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Queen Anne laces roadways

What’s with all the Daucus carota (common names include wild carrot, (UK) bird’s nest, bishop’s lace, and (US) Queen Anne’s

lace) trimming our roadways this year? Daucus carota, says Wiki, is a variable biennial plant, usually growing up to 1 m tall and flowering from June to August. The umbels are claret-coloured or pale pink before they open, then bright

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white

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and rounded

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when in full flower, measuring 3–7 cm wide with a festoon of bracts beneath; finally, as they turn to seed, they contract and become concave like a bird’s nest. The dried umbels detach from the plant, becoming tumbleweeds.[1]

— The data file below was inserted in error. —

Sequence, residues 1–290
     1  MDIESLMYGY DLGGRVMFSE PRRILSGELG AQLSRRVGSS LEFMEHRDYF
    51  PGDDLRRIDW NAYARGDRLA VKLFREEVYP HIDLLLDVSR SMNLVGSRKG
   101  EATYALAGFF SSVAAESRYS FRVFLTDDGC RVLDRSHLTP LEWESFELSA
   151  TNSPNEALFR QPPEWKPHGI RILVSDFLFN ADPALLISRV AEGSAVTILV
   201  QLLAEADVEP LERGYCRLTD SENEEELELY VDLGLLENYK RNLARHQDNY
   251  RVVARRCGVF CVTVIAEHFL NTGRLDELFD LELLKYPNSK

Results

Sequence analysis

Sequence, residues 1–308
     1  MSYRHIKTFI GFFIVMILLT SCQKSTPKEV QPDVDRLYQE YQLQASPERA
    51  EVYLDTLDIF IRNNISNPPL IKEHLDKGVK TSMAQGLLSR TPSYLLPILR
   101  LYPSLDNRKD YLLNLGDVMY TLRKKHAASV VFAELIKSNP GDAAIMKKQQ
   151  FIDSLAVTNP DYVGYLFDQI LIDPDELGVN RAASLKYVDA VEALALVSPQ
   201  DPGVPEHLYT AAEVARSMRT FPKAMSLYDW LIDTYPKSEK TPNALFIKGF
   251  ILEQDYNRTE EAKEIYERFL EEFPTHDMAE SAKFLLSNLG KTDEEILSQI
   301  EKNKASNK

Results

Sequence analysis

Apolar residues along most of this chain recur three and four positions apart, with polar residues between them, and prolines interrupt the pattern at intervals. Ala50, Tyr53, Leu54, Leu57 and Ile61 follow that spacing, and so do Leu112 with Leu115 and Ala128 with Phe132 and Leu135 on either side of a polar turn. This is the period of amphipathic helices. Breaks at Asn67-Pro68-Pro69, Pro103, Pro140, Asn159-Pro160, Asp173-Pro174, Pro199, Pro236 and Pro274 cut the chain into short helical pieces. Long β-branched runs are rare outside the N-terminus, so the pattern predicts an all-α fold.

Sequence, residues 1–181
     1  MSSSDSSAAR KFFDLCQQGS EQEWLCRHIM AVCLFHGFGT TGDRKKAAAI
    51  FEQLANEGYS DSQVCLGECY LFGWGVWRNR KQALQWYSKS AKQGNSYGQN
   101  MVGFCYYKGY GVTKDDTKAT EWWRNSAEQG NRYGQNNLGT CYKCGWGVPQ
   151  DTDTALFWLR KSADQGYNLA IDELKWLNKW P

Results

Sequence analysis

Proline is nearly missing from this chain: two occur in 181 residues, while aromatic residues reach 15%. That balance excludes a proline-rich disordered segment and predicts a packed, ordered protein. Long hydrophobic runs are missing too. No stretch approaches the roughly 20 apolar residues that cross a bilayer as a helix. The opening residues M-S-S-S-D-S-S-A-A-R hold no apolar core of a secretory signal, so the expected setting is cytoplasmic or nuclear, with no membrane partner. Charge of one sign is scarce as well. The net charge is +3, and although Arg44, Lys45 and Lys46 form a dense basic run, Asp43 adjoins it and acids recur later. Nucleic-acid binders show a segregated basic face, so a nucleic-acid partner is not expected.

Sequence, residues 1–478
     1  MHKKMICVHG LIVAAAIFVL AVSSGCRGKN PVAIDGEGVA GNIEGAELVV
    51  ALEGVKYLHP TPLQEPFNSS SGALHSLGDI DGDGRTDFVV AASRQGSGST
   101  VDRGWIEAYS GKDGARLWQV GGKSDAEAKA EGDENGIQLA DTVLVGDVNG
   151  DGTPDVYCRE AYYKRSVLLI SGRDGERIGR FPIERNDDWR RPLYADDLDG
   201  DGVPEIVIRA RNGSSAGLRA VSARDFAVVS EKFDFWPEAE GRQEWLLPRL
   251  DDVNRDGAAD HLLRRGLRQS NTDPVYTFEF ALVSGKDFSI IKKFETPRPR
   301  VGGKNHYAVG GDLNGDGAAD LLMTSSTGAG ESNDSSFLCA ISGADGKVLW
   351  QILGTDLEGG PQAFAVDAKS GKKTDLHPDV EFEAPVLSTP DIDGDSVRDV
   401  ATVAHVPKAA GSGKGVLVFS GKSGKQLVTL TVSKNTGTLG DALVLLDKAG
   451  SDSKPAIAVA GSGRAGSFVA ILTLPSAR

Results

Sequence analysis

Very similar in appearance to the deadly Poison Hemlock, Daucus carota is distinguished by a mix of bi-pinnate and tri-pinnate leaves, fine hairs on its stems and leaves, a root that smells like carrots, and occasionally a single dark red flower in its center

 
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One Response to “Queen Anne laces roadways”

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